St Austell Fore Street Another good example and we can also see Olivers operating in  a similar way, boots hung outside with large price tags attached, lamps incorporating their trademark and the very large sign is extending prominently to the edge of the pavement. The Public Benefit Branch is situated on the opposite side and both branches are close to the once popular parish church. 

Windsor Peascod Street Another company post card with the ghastly yellow writing. Lamps are traditional, incorporating the trademark, boots outside hung on pegs in the doorway display their large price tags but perhaps the greatest ‘draw’ of all is its’ proximity to Windsor Castle.

Bristol: An excellent example of removing to premises not too distant from the older shop is Whiteladies road branch. This branch was the first one, currently occupied in 2018 as (Tradewind) and it is possible to view the Lennards corner shop and the Church just a few yards farther down. Lennards took up occupancy in 1901 quickly capitalising on their ‘World Famed’ brand. This area of Clifton was undeveloped until around the 1860’s onwards.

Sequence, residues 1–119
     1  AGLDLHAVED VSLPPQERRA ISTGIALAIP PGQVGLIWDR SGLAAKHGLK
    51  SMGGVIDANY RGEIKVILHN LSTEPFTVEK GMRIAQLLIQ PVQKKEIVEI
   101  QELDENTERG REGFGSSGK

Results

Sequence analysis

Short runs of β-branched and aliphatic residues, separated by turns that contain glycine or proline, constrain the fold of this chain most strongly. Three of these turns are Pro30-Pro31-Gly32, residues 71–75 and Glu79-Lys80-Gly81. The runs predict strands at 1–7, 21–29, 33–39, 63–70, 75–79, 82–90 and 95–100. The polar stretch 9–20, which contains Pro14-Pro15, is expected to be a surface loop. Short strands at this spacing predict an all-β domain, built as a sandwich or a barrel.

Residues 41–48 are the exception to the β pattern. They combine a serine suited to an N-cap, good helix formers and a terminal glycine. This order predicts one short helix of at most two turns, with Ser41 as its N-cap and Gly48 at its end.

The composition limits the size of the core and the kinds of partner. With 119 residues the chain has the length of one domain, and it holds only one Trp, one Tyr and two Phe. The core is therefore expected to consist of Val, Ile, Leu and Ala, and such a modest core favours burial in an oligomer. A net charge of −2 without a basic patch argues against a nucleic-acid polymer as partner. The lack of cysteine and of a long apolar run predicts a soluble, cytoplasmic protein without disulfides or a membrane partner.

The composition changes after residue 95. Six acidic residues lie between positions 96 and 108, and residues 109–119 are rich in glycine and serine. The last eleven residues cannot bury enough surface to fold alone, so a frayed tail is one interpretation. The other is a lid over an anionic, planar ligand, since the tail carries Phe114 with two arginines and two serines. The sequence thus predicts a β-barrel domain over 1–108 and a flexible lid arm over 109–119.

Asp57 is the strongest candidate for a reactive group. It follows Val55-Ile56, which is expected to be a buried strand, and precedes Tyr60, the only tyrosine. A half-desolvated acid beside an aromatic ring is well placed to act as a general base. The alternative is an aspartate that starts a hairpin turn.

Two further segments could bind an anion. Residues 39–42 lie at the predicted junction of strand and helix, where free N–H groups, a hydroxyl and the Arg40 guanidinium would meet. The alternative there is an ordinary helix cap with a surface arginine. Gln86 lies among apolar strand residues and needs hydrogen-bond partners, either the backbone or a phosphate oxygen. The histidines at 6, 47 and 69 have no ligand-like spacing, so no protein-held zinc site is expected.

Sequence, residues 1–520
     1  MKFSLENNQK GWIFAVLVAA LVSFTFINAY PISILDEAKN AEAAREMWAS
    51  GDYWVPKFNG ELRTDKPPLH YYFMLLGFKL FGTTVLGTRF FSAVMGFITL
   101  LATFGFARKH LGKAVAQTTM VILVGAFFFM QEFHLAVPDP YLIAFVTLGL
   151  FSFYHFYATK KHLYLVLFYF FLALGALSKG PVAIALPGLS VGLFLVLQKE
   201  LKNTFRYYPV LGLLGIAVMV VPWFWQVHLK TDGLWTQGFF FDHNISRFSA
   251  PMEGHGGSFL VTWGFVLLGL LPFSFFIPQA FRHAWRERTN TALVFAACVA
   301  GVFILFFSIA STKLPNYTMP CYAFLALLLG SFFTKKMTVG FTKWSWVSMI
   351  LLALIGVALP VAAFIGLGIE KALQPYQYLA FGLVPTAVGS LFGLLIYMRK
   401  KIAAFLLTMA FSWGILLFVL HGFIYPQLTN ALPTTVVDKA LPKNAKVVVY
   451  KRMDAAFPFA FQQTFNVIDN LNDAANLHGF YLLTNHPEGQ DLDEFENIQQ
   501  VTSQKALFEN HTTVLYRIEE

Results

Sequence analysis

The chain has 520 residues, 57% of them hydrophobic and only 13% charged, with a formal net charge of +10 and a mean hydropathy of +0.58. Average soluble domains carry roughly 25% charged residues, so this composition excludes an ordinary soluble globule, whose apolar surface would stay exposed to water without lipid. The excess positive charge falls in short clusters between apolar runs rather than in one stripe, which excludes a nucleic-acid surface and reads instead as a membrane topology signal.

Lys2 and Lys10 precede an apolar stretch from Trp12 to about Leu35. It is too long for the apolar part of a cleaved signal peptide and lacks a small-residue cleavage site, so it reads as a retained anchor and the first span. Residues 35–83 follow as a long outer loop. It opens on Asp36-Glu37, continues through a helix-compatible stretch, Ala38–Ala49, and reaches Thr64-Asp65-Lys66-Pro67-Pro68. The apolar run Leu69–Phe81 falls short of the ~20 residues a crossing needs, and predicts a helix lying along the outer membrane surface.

As a percentage of photos and images have copyright please don’t hesitate to ask if you wish to obtain an image as I may be able to help. This is a non profit website so charges are not applicable at any time. Those photos I have taken personally, are marked simply as photo by D.B. Many of these have been taken 2016/17 and freely available just credit the name ‘photo by D.B.’  Some images have come from libraries  and have copyright to those. Rick Dickinson grandson of the chairman of Public Benefit Boot Company supplied 20 ‘in house’ magazines as mentioned above and images from those have been accredited to him but he like me is happy for you to use them, again simply credit the image as supplied by Rick Dickinson.

A major project has been to not only establish ‘Then and now’ views of where and when the company traded but also to try and capture as many branches as possible particularly the early branches. In this way we can get some idea of the thinking behind the company strategy. By doing this there have been many surprises both on the Southern side-Lennards, and the Northern Side in the finding of ‘gems’. Using three main sources to populate the website are:  

My own photos, our own collection of postcard views, Google Inc. Street views and Geograph Uk.

My slogan: Footwear, a neglected subject on histories of clothing and fashion.